Washington severed diplomatic relations with Syria during the Obama administration, which insisted that Assad “must go.” More recently, Assad has strengthened his position, regaining key territory from weakened opposition forces.

The battlespace in Syria is getting more crowded and complex as IS-held territory shrinks, raising questions about how the various parties will interact or avoid one another. Syrian government troops, for example, have reached the Iraqi border in an area where IS leaders have been gathering. The area is far from the main battle lines of Syria’s civil war.

The U.S. so far has shunned any cooperation with Assad and has partnered instead with local Arab and Kurdish forces in fighting IS. Those local forces, which the U.S. calls the Syrian Democratic Forces, or SDF, are currently fighting to recapture the extremists’ self-declared capital of Raqqa.

Last weekend, for the first time, the U.S. shot down a Syrian fighter jet that had dropped bombs near the SDF. Two other times this month the U.S. has shot down Iranian-made drones in southern Syria that were deemed to pose a threat to U.S. and partner forces.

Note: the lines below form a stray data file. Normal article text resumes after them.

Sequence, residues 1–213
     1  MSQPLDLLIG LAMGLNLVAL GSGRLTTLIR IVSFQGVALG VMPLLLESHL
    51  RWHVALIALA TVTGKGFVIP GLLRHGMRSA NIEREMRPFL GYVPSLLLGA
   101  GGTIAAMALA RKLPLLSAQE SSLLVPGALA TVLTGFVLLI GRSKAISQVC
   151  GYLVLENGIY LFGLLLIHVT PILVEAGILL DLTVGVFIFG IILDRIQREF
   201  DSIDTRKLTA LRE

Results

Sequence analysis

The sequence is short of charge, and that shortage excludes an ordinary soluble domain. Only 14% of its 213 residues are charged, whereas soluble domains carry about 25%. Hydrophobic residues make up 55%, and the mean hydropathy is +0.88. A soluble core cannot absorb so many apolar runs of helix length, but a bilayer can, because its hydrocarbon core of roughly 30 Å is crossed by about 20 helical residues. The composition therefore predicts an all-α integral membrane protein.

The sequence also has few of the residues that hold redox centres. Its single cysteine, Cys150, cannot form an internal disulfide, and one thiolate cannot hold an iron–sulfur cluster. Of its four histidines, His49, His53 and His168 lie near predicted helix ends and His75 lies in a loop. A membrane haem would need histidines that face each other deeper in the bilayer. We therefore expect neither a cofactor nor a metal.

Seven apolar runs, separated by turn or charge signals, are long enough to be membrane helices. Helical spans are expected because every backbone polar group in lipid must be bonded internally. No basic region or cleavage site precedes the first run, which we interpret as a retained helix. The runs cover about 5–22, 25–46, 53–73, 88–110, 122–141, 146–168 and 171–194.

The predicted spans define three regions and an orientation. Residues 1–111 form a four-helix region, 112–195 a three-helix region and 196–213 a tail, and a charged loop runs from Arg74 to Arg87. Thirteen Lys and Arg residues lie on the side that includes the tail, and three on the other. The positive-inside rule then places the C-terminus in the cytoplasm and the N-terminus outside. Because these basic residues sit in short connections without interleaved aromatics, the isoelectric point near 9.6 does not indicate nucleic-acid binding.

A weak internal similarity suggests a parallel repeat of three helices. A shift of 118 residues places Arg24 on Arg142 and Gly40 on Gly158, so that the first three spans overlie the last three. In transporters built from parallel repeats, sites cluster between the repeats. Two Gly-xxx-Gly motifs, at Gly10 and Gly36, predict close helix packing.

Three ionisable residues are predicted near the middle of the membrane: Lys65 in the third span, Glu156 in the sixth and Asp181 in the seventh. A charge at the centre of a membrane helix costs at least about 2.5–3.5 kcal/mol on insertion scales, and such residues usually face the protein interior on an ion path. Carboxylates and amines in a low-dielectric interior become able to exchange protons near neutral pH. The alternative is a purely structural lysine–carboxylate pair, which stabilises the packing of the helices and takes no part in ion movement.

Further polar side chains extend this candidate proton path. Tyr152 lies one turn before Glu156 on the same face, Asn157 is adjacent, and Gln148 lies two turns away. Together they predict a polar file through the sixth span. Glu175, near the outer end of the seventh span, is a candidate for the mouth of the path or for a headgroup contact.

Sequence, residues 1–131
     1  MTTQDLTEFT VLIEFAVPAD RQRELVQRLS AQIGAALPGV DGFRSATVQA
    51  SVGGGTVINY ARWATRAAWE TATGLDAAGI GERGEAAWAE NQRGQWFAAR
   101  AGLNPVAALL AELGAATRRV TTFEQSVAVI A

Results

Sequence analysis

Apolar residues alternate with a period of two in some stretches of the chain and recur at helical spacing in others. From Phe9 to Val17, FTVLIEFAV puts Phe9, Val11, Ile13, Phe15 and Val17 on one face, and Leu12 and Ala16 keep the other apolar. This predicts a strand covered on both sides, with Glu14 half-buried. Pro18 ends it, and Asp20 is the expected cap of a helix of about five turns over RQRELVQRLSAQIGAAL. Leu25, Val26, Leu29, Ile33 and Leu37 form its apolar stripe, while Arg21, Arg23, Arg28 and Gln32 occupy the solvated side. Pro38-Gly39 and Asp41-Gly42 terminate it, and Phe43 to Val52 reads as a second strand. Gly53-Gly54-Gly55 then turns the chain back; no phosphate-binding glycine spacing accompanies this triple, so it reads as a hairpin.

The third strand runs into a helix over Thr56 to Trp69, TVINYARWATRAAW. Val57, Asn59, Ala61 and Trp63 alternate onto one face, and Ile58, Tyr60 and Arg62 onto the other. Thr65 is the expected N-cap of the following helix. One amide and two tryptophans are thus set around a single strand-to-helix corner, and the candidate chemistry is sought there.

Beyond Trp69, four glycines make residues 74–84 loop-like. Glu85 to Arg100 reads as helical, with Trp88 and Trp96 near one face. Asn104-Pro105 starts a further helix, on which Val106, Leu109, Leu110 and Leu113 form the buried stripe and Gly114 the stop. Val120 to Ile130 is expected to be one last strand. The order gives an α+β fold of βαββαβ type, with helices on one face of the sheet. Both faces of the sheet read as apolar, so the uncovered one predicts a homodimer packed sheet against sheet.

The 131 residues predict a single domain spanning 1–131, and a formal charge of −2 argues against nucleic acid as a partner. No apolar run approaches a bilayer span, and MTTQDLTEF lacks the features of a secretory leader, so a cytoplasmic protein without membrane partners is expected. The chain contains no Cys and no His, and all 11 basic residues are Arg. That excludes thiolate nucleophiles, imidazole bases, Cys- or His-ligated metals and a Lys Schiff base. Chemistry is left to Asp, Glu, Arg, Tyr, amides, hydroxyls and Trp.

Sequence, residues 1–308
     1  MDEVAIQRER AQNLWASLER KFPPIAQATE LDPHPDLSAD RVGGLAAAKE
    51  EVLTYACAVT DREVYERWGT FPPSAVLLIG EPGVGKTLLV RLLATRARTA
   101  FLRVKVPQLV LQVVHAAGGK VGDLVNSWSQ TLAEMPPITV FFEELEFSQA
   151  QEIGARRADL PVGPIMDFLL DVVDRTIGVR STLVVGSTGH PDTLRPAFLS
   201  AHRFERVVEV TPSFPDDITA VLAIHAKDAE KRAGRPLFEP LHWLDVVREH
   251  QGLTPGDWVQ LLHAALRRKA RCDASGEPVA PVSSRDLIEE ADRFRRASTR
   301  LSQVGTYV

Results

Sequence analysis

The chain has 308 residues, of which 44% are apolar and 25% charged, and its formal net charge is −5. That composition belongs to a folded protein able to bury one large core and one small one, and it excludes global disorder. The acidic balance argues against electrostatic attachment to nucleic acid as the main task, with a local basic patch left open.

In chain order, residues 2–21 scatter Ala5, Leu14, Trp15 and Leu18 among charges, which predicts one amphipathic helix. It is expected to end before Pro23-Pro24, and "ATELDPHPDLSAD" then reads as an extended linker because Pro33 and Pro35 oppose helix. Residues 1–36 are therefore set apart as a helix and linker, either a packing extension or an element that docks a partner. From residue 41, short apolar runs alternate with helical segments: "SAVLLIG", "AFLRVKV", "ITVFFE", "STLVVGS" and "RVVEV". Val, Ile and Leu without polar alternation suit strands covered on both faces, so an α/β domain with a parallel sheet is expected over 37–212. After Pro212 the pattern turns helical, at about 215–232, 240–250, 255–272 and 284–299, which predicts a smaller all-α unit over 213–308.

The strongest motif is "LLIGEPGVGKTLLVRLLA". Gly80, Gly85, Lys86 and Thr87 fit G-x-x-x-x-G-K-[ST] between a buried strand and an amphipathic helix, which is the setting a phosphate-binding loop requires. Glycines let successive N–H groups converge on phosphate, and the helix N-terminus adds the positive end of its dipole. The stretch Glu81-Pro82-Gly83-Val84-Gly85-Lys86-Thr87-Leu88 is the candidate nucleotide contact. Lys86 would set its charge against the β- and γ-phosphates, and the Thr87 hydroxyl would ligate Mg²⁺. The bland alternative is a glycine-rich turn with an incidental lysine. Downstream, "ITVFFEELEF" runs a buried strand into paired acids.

Key remaining IS territory includes the cities of Deir el-Zour and Abu Kamal, along the Euphrates River Valley.

Dillon said that as Syrian government forces move toward Abu Kamal, “if they want to fight ISIS in Abu Kamal and they have the capacity to do so, then that would be welcomed. We as a coalition are not in the land-grab business. We are in the killing-ISIS business. That is what we want to do, and if the Syrian regime wants to do that and they’re going to put forth a concerted effort and show that they are doing just that in Abu Kamal or Deir el-Zour or elsewhere, that means that we don’t have to do that in those places.”